Accent Signage workplace shooting survivor John Souter joined Minneapolis Mayor R.T. Rybak on Thursday to ask for Rep. Erik Paulsen's help in passing legislation requiring universal background checks on all gun sales.
"It's not about Second Amendment. It's about doing right thing to prevent this sort of violence," Souter said. "This is about common sense."
Souter joined Rybak at the Ridgedale Library in Minnetonka, which is in the Republican congressman's district, to say he was among 81 percent of constituents who support the universal background checks.
"People are making this about the Second Amendment. It's not," he argued. "It's about doing the right thing to curb this kind of violence."
Bullets punctured Souter's lung and shattered two ribs at Accent Signage Systems in Minneapolis on Sept. 28. He said he is still in pain, and the shooting changed him forever.
"Five of my friends and colleagues died that afternoon, and then a sixth died three weeks later at HCMC. Why?" he asked. "This isn't America."
The expansion of background checks has been at the heart of federal legislation in the Senate, but the debate has not yet reached the Republican-controlled House.
"After a deadly workplace shooting in Minneapolis, after Sandy Hook and after countless tragedies that never even make the national news, it still remains easier in America to buy a deadly weapon than to buy a Sudafed," Rybak said. "The overwhelming majority of Americans agree that this must change."
On Thursday, Paulsen released a statement saying he is meeting with stakeholders to find effective ways to reduce gun violence, including fixing holes in the existing background check system.
"Unfortunately, Rep. Erik Paulsen is still not listening to the common sense of his constituents and does not yet support universal background checks, despite the fact that one of his constituents was gravely injured in a mass shooting," Rybak said. "If Erik Paulsen doesn't support universal background checks, he's not representing this district."
A survey conducted earlier in March by Mayors Against Illegal Guns found that over 80 percent of constituents in Paulsen's district support universal background checks.
"I don't know Rep. Paulsen," Souter said. "I've heard he's a good man. He and I have a difference of opinion on this issue, but I want my representative to hear my opinion as someone who has come closer to this issue than anyone should."
Souter described the violence he endured when Andrew Engeldinger walked through the business with a semi-automatic handgun as both humbling and devastating,
"As a survivor of a terrible incident of gun violence and as someone who grew up in a rural area and learned to shoot at the age of 11, I understand in a way that most people do not that Congress must pass universal background checks now," he said. "I call on Rep. Paulsen to listen to me and my fellow constituents and support them."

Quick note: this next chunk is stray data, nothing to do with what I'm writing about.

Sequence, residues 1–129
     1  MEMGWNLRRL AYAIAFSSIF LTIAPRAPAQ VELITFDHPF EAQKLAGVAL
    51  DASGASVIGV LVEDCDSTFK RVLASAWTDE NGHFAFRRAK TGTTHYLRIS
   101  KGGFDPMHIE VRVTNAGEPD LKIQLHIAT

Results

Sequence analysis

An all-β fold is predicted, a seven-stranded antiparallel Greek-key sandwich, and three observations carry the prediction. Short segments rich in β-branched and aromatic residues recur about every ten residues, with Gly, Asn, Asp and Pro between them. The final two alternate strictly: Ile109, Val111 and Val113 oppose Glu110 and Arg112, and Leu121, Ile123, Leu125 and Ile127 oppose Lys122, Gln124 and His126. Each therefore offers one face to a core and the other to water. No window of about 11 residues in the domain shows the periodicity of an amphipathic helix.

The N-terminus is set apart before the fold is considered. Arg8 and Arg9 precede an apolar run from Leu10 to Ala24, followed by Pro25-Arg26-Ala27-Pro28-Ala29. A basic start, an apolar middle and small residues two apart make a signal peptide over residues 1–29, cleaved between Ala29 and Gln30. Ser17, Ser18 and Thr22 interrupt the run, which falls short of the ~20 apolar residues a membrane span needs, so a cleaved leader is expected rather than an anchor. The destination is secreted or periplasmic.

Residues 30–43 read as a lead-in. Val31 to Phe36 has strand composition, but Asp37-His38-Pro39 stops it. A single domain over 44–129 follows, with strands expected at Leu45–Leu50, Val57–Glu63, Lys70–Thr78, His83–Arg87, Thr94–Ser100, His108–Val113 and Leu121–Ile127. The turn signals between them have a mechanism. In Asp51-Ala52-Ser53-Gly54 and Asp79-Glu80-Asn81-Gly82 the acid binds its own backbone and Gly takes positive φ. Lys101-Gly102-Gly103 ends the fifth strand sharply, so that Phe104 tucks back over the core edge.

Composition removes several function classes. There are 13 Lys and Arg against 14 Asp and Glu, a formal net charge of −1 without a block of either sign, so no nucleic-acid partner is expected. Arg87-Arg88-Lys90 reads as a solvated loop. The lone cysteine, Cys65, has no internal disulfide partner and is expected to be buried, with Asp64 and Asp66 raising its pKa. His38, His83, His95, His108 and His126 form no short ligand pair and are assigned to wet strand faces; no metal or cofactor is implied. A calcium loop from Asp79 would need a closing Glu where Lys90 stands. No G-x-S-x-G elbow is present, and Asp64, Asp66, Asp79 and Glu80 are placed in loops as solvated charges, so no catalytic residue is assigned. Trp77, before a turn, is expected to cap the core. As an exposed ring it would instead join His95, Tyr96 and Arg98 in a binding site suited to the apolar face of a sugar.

Engeldinger's parents told the media they were estranged from their son prior to the shooting because they attempted to persuade him to seek mental health treatment.
Chaska Police Chief Scott Knight also urged Paulsen to reconsider, saying that the vast majority of Americans are urging what rank-and-file police officers have sought for years, describing it as "insanity" when people can obtain any weapon they want without demonstrating they are legally able to possess them.
"Not checks for some guns, some people, some of the time, but checks for all guns, all people, all of the time," Knight urged. "I speak as the past president of the Minnesota Chiefs of Police Association and the former chair of the Firearms Committee of the International Association of Chiefs of Police. The Minnesota Police and Peace Officers Association strongly supports this position as well.
Souter was also part of a roundtable discussion during President Obama's visit to Minneapolis in February. Obama spent most of his time focusing on universal background checks, which enjoy broad support among Americans. Recent polls show 92 percent approve of such a system.
"It's been a struggle. Some days are better than others," Souter said during the president's visit. "If we don't have the moral courage to support the president of the United States, then shame on us."
During Thursday's conference, Obama sent a tweet saying that since 1968, more Americans have died from guns than in all the wars in the country's history. The message meant to apply pressure to lawmakers like Paulsen as the U.S. Senate takes the lead on the issue.
Last week, Senate Majority Leader Harry Reid introduced the Fix Gun Checks Act of 2013, which would extend the Brady Law background checks to all sales and transfers of firearms with the exception of guns given to spouses and family members.
Gun ownership groups opposed to the measure argue that such legislation is little more than restrictive registration, and they argue it would not have prevented the killing at Accent Signage Systems.
"It's clear that no background check would have made a difference in that," Andrew Rothman, of the Gun Owners Civil Rights Alliance, said. "The murderer at Accent Signage did pass a background check. He went through all the required legal hoops and bought his guns and his ammunition legally."
However, Engeldinger's parents admitted their son suffered from mental illness but did not meet the requirements to be committed to a mental health facility that would have triggered a red flag on a background check.
In Minnesota, universal background checks have been met with resistance from lawmakers.